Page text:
PerformInk is Chicago's entertainment industry trade publication.
The members of the Chicago Federation of Musicians (CFM) Local #10-208 that comprise the orchestra at Lyric Opera of Chicago have been on strike since Tuesday, as the opera seeks to reduce its overall payroll. Performers, stagehands, and ticket-takers have agreed to new terms with the organization, but the orchestra has not found offers from Lyric acceptable, refuting claims that the opera is in financial trouble, and asserting that Lyrics’ claims of their demands are overstated. CFM has planned a rally for 2 PM Friday at Daley Plaza.
Lyric Opera has released a statement defending their position, saying that an increased offer has been made to end the strike, which was rejected by CFM. The full statement follows.
“Lyric Opera today offered the Chicago Federation of Musicians (CFM) Local #10-208, a new contract proposal in an effort to resolve the current strike.
The CFM leadership rejected the compromise, made no counter-proposal, and maintained their proposals to add nearly $2 million to the orchestra budget during the term of the contract. As a result, Lyric performances will continue to be canceled, additional staff will be laid off, and the financial future of Lyric is in jeopardy.
Lyric deeply appreciates the talent and dedication of our musicians and, like all of Chicago, would embrace their return to work. We have signed agreements with our IATSE groups (ratified) and have a tentative agreement with AGMA (still subject to ratification), and submitted multiple proposals to the CFM leadership.
This strike impacts over 1000 Lyric individuals and their families.
Among other proposals, Lyric offered wage increases that result in average take-home wages (including vacation pay) of $82,500 per orchestra member, for 22 weeks of work per year. Overtime wages begin after 20 hours in a week, producing additional income. Work on the musical, community engagement activities, and The Joffrey Ballet performances would be additive, as would the extra 5 weeks of work on the Ring Cycle next year. Lyric also proposed to continue the generous plan of full health and welfare benefits for orchestra members and their families. A musician who works the 22 weeks is entitled to these benefits for the full calendar year by paying only 8% of the premium. Lyric pays 92%, which costs the company nearly $1 million annually.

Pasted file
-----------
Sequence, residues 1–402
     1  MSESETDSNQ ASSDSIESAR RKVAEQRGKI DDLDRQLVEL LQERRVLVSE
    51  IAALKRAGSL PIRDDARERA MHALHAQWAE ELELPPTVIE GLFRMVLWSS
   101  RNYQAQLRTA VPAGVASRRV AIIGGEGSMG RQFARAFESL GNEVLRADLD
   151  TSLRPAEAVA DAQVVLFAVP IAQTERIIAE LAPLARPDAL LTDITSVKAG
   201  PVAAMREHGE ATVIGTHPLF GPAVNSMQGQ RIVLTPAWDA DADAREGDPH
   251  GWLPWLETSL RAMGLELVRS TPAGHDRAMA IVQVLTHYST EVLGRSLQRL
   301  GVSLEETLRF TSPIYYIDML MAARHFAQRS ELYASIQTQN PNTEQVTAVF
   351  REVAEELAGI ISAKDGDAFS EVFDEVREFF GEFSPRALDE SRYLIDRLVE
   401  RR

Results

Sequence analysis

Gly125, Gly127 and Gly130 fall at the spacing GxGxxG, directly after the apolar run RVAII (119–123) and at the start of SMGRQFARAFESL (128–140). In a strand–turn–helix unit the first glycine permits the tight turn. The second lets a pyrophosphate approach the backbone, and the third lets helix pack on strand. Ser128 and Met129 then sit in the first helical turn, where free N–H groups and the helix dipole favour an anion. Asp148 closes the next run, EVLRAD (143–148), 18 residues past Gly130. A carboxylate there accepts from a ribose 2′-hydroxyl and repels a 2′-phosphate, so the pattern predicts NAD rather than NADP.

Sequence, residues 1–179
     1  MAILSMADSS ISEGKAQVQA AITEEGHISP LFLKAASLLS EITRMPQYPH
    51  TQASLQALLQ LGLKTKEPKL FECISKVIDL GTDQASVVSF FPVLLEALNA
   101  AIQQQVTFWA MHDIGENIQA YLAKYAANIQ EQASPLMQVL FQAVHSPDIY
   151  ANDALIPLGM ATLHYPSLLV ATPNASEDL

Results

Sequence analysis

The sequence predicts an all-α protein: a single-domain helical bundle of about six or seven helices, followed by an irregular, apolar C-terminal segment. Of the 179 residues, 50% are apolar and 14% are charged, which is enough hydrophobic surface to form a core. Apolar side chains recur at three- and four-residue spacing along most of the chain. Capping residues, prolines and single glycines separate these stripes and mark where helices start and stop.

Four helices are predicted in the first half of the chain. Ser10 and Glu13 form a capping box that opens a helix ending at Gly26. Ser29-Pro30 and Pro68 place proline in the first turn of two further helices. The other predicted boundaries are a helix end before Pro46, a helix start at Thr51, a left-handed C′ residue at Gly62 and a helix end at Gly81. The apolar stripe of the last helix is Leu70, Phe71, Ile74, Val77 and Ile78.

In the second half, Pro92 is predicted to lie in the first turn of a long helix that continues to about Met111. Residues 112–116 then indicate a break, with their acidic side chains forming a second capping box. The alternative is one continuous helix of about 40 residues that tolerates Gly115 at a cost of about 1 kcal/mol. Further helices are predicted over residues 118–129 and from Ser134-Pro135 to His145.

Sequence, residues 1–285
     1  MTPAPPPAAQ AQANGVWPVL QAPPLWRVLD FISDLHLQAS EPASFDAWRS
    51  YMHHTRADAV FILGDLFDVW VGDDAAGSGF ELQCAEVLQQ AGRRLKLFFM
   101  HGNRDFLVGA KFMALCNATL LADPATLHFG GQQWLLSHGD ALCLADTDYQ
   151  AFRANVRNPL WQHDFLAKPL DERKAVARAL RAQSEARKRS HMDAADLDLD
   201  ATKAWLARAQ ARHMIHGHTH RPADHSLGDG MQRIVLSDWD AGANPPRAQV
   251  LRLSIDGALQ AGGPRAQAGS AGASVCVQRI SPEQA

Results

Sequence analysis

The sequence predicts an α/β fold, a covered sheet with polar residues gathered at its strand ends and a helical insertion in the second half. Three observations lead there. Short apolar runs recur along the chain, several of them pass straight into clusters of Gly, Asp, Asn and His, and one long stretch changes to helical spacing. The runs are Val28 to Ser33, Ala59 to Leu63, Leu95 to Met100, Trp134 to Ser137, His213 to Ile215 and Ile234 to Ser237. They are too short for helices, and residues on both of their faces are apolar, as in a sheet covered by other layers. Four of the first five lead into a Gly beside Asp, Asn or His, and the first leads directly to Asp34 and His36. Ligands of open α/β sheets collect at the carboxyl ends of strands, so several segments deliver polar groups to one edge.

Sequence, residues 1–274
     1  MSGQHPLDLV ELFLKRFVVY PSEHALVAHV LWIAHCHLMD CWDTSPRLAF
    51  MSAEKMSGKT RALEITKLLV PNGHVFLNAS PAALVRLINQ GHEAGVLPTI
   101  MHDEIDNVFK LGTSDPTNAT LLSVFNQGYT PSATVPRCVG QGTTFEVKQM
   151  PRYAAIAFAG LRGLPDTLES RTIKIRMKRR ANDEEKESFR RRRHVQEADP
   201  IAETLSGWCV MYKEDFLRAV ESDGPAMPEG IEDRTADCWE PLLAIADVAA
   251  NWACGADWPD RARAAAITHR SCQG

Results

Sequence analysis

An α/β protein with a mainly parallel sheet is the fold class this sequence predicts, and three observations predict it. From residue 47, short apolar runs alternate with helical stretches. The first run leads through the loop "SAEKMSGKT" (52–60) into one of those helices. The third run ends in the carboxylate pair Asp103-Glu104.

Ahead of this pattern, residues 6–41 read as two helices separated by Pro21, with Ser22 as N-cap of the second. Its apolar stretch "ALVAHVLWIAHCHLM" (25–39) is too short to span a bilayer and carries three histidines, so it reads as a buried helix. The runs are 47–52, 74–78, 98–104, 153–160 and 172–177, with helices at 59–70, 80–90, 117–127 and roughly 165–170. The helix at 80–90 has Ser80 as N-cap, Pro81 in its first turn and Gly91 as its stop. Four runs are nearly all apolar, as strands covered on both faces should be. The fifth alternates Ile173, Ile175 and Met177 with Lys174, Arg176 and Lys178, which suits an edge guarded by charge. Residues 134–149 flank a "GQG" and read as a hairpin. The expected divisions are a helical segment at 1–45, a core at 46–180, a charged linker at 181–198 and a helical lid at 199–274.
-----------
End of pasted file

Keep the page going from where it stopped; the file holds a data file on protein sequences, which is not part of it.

We have made fair offers consistent with Lyric’s finances and the nationwide environment for grand opera. We have been transparent with the union leadership about Lyric’s budget and finances in every way: in all-company meetings for the past 18 months, in published financial reports, in small-group conversations, and at the bargaining table since March. Lyric has been grappling with an annual $10 million budget shortfall, which we have filled with contributed revenue and special funds that have been depleted more rapidly than originally projected. That shortfall is expected to increase next year and resources to cover the gap are being exhausted. Lyric’s cost savings from our unions and Lyric’s administrative staff, coupled with revenue generating initiatives, will reduce the annual shortfall. The CFM’s proposals, which would increase the shortfall, are irresponsible and shortsighted.
Lyric’s proposed terms would preserve musicians’ jobs that are among the highest paid and best working conditions in the region. Stated simply, the contract changes we seek are necessary for the financial future of Lyric. We urge the CFM and its members – our musician colleagues in this great artistic endeavor at Lyric – to accept our offer before further financial losses force a different outcome. It is the only path forward.”